This week for our Friends of Huss campaign, we’re taking ourselves back to 1982, when the Huss Elementary School school closed. Jo Barton, a music teacher at the time, shared her perspective of the closing in an interview with *culture is not optional intern Christina Binder in 2009:
When they closed the building, we were all devastated. We couldn’t see any reason for it. And I’m sure that you’ll hear this from other people. You know, they did it because the boiler was bad, and that was just [not true]. The boiler was still working years, and years, and years later after they closed the building. But when they closed the building then they sent all the little kids out to the other schools in the district. When they closed that building, then they eliminated art, music, and phys. ed. from the curriculum because they didn’t have the money.
Barton elaborated on the importance of the building as a center of community:
I think buildings have energy. I think that when that building was alive with children, that that creates an energy in the community. And when you abandon it, then that takes away that energy that belongs in that little community. And that robs the community of that vibrancy of that energy when that building is no longer used. If that makes sense…. I think closing Huss made this ripple effect in the whole town and in the whole Three Rivers community.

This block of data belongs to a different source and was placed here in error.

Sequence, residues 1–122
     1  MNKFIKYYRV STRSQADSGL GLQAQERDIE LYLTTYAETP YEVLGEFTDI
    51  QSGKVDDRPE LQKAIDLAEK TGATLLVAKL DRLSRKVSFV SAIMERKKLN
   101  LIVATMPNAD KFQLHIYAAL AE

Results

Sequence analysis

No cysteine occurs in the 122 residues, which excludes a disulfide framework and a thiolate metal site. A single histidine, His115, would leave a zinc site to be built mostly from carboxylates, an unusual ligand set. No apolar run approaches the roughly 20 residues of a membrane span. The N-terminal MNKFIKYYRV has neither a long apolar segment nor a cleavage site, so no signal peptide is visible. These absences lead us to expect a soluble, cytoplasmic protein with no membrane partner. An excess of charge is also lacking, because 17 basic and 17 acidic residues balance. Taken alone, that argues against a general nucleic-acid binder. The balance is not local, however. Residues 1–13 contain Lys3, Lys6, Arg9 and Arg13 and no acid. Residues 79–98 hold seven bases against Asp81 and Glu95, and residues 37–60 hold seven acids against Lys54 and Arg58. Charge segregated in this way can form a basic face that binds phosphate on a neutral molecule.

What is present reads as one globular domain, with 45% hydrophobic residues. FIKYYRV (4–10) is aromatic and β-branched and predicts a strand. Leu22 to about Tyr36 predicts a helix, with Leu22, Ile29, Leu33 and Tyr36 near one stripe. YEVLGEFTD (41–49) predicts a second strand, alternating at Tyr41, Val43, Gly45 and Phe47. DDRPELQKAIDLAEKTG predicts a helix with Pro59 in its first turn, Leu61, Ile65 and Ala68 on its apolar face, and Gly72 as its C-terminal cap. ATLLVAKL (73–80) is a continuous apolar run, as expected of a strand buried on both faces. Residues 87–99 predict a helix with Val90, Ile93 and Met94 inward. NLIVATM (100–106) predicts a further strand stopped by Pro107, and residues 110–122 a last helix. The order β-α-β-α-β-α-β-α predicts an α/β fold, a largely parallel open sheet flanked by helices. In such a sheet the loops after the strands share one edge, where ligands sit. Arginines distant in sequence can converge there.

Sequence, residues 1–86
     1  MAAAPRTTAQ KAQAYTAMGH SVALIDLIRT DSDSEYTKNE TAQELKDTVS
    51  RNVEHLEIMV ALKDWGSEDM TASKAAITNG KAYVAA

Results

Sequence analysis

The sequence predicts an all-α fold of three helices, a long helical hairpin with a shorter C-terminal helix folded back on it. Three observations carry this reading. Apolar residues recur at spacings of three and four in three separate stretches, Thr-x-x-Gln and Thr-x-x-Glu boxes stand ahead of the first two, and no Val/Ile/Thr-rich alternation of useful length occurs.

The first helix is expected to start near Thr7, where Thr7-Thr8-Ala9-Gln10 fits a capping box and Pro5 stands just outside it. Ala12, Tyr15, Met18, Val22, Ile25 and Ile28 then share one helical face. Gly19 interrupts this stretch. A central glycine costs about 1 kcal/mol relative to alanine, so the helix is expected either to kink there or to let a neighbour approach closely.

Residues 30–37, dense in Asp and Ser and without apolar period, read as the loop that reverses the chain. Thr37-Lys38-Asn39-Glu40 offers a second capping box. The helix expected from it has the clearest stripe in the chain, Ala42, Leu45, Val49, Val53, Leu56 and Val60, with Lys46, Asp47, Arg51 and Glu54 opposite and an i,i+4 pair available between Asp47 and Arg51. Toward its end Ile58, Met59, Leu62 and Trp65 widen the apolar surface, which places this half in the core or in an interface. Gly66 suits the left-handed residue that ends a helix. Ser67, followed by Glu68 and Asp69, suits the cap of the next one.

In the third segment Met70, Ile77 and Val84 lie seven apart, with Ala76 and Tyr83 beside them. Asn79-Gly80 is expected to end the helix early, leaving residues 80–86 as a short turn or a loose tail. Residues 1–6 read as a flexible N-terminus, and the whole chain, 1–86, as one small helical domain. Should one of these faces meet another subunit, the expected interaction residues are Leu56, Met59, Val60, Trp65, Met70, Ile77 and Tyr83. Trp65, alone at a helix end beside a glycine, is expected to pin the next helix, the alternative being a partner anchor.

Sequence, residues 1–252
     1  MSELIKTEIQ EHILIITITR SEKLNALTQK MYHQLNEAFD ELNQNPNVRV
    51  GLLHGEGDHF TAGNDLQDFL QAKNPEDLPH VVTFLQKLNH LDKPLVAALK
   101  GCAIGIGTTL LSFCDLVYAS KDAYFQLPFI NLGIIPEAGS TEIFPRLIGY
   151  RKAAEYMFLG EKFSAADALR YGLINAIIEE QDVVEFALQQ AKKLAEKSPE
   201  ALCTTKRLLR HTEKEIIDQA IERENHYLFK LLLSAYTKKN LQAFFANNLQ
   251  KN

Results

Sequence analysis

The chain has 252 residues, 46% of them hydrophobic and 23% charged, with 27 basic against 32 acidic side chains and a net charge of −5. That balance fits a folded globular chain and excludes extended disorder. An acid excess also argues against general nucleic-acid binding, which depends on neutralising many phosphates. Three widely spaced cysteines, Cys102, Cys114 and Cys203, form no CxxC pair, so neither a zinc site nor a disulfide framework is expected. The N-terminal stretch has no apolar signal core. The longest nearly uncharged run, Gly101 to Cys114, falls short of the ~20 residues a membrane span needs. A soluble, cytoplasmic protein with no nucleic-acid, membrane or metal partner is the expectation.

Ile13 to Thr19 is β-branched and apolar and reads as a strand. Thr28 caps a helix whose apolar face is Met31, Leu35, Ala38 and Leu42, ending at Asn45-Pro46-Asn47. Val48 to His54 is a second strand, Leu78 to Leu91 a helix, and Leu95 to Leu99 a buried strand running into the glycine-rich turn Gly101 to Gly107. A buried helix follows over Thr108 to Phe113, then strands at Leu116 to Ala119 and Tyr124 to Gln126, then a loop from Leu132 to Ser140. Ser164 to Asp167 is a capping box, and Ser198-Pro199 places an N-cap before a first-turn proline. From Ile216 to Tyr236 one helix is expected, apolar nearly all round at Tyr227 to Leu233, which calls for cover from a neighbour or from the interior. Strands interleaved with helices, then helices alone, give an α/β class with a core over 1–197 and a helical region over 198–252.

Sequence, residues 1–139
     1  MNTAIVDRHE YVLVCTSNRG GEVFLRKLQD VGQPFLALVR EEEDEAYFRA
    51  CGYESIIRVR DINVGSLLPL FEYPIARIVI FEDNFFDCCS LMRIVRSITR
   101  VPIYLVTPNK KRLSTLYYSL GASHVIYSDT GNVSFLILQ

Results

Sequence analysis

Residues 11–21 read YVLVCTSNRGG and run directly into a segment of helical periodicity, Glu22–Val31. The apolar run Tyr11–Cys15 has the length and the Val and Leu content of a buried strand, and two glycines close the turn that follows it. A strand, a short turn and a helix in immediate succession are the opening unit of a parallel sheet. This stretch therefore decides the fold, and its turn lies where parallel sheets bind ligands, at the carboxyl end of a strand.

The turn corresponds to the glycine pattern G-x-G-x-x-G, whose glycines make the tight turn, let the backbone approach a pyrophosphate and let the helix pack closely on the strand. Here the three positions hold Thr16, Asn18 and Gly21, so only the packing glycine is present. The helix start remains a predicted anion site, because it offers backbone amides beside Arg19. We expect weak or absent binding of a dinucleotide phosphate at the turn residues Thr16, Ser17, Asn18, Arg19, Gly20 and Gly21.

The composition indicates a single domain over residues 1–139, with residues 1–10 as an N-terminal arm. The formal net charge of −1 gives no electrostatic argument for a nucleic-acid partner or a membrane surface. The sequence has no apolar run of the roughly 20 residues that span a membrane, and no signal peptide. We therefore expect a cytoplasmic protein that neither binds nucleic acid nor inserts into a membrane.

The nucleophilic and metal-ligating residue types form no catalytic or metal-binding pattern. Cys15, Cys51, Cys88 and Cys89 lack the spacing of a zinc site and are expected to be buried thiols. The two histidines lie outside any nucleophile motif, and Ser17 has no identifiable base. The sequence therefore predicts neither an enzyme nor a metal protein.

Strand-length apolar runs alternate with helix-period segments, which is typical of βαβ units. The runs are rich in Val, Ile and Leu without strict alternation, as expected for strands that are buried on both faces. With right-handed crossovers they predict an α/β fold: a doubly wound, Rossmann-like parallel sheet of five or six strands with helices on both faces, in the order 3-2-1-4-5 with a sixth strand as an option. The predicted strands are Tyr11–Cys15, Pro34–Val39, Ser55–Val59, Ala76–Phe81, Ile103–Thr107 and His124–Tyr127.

When *culture is not optional bought the building in 2009, Barton said, “To draw people back into that community is just really wonderful.” She was excited to see what we were going to do with the building to re-enliven it for the good of the neighborhood:
I think that what’s happening at Huss right now is on the right track. I think it’s, I really do, I think that what’s happening right now is gonna restore, you know, the energy to that building and give it a second life as, not necessarily as a school, but as a place in that community and in the larger community as a whole.
The Huss Project is committed to making the building a hub for community again, where we as neighbors can thrive together. And while we have made significant strides in our first ten years, we are excited to finally open the Imaginarium as the first phase of the building restoration. We look forward to hosting community events for many years to come!
If you were an alum, family member or staff member at Huss Elementary School, we’d love to hear your story and feature it on the web site.
Picture credits: Three Rivers Commercial News, found by Katherine Brundige.
Please accept our invitation to join us in this work by becoming a Friend of Huss! With a monthly donation of $10 or more, our Friends are the foundation for a flourishing future for our creative, community-building efforts. Thank you for your partnership!